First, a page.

Ski Abruzzo – Winter 2013/14

Abruzzo is about the furthest point south you can go in Italy and find a good choice of places to ski from late November through until April.

Furthest south of all is the vast Cinque Miglia plateau, centred on the ski resort town of Roccaraso – the largest on the entire Apennine chain.

Further north, in the stunning Gran Sasso National Park, is the equally big Campo Imperatore.

And roughly midway between those two, in the heart of the Majella National Park, are the two ski stations of Passo di Lanciano and La Majelletta.

The chair lift at Passo di Lanciano

As these are nearest us, they’re the ones we know best. We don’t ski, but the winter scenery’s wonderful and in summer, the well-signposted walking trails are spectacularly good.

Both Passo di Lanciano and La Majelletta are thriving ski centres, with La Majelletta supposedly unique in all of Europe as the only place you can ski – and see the sea as you do so !

Even better, with the sea so close, there are a handful of prime days every April when you can ski in the morning; enjoy a leisurely lunch on the slopes; and then head down to the beach for a spot of sunbathing and a swim in the afternoon.

The skiing at both Passso di Lanciano and La Majelletta is good, with a decent variety of black, red and blue runs and the slopes well-served by a mix of chair and drag lifts.

And you can also snowboard or go cross-country skiing.

The two resorts are popular because they offer easy access from both Rome and Naples – as well as for Abruzzo skiers – and consequently can be cheerily jam-packed at weekends.

But there’s one major problem – neither resort on its own can offer keen skiers enough variety to keep them tested and involved for a week’s holiday.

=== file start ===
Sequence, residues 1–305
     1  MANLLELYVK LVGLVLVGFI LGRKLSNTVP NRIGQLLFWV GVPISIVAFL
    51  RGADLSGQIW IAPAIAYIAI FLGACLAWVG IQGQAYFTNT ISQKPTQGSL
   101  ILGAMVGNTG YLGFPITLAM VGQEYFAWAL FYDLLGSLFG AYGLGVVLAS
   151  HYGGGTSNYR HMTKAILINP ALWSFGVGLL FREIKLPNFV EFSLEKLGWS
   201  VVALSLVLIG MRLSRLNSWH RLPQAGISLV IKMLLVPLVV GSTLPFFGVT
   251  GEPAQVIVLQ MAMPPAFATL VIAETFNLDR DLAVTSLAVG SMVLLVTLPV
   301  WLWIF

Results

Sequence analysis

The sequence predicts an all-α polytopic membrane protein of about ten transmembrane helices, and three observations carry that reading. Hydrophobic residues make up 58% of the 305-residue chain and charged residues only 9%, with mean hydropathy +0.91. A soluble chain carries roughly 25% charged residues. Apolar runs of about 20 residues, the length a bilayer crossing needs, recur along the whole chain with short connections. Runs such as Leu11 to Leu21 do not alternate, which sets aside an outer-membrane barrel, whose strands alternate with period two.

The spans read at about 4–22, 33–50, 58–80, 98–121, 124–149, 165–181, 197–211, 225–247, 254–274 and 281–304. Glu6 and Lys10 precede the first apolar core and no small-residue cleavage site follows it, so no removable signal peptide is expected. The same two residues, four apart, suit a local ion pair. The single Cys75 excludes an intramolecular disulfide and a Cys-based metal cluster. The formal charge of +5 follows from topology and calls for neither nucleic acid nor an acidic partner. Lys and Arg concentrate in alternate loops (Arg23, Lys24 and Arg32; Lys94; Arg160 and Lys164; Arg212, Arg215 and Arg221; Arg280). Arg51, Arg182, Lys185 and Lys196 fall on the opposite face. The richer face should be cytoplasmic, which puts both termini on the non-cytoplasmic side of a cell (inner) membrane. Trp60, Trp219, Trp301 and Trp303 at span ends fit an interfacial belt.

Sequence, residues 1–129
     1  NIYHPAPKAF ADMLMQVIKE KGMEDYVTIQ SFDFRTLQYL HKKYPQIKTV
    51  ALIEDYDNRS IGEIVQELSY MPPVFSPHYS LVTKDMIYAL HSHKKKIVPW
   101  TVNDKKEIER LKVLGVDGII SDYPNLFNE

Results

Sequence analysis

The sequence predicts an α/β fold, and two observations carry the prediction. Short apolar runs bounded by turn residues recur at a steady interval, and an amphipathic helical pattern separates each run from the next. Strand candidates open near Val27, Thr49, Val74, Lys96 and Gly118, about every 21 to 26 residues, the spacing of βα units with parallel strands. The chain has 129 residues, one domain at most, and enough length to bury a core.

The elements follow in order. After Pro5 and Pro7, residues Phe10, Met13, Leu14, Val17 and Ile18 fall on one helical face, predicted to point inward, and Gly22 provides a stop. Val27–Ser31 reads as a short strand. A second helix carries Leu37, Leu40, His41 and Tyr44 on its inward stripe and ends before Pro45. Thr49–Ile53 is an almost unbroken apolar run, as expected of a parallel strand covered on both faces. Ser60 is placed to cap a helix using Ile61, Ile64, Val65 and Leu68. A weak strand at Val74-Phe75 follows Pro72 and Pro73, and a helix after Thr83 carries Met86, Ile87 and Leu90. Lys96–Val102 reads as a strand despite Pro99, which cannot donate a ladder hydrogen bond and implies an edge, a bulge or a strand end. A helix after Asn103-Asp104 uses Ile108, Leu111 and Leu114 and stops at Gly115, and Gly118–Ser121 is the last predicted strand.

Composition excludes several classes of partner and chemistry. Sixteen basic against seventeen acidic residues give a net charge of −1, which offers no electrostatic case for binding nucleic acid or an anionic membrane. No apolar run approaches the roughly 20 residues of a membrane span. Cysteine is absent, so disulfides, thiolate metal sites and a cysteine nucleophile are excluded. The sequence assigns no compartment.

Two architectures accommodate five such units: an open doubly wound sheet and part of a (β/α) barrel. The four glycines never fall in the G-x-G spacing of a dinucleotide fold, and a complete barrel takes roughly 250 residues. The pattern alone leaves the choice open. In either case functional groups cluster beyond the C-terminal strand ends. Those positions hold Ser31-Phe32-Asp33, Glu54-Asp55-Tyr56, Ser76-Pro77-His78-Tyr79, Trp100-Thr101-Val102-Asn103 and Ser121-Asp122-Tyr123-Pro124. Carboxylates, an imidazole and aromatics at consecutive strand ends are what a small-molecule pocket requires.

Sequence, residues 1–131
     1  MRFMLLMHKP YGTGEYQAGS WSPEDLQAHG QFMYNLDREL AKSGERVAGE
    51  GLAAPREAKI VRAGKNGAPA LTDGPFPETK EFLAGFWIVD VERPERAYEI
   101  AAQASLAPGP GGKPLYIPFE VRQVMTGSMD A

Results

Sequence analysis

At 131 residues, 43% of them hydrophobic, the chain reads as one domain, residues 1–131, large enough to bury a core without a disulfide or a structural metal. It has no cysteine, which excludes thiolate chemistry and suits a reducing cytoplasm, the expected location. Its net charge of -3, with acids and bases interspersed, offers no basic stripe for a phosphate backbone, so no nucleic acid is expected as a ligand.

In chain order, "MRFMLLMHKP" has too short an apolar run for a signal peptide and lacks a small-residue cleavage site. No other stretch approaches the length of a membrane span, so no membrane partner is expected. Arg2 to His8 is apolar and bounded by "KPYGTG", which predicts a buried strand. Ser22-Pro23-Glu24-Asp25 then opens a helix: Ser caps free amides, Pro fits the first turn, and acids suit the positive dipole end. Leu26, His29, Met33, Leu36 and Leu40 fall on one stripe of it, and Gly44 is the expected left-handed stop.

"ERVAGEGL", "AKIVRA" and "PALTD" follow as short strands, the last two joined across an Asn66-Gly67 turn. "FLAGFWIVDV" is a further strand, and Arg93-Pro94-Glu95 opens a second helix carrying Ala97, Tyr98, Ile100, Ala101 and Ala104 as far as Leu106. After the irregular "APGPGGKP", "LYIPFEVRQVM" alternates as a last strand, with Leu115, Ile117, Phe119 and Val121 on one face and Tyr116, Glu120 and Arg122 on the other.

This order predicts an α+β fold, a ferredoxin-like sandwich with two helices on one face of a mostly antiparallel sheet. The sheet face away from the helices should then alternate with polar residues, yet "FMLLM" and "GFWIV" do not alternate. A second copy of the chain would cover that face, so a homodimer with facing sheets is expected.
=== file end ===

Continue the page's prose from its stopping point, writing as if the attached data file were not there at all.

But surely they’re linked ? No. They’re not. And that’s where the big problem lies. Because if you want to ski both places in a day, you have to buy two lots of passes and actually get into your car and drive from A to B. Not surprisingly, visitors just don’t want to do that.

So you’re forced into a choice. And that’s not ideal.

Why then aren’t Passo do Lanciano and La Majelletta linked by runs and lifts and therefore able to offer some seriously good – and varied – skiing ?

Long story. Ask ten different people and you’ll get ten different versions.

But one factor is fairly constant: who actually pays for the infrastructure needed to turn two resorts into one ? And equally importantly, how’s the income shared-out once this has all happened ?

The answer to that is that the land on which the work would be needed is allegedly owned by no fewer than three people – and they’ve been arguing for years about who should pay for what – and how much. And if they can’t decide that, there’s precious little likelihood of agreement being reached over who gets how much.

The drag lifts at La Majelletta

This summer, it did seem that the impasse was at last over, with news that an American consortium had bought-out all interested parties and had big plans to enlarge and develop the area. And as evidence of this, it did seem that work had started on that much needed ski-lift to link the two resorts.

Which was great news.

Except the story wasn’t true.

No American consortium. (In fact, no consortium from anywhere). No new ski-lift. (Yes, there is work in progress in Passo di Lanciano – but that’s just clearing a new ski-run through the woods).

Where did I hear this news ? At the quirky and ever-excellent Bar dello Sci, a snowball’s throw from the bottom of the Passo di Lanciano chairlift.

Yes, they’d heard all the rumours and no, they didn’t have any idea how or where they started. Yes, it was sad. Yes, it was a pity. Yes, it was actually a bit of a disgrace that this stand-off had been going on for so long. But was a solution any nearer now than it had been in the past ? No, it wasn’t.

So if – as quite a few of our guests have done over the years – you’re staying at Villasfor2 when there’s still snow on the ground in the Majella, you can treat yourself to a day’s skiing or snowboarding.

You can hire whatever kit you need and whether you’re a beginner or an expert, you’ll find runs to suit your abilities.

But what you won’t be able to do is ski Passo di Lanciano and La Majelletta on the same day, because it’ll simply be too expensive and – let’s be honest – too inconvenient.

Somehow it’s all so quintessentially Italian in that everybody knows about the problem. Everybody knows the solution. But nobody can do anything about it.


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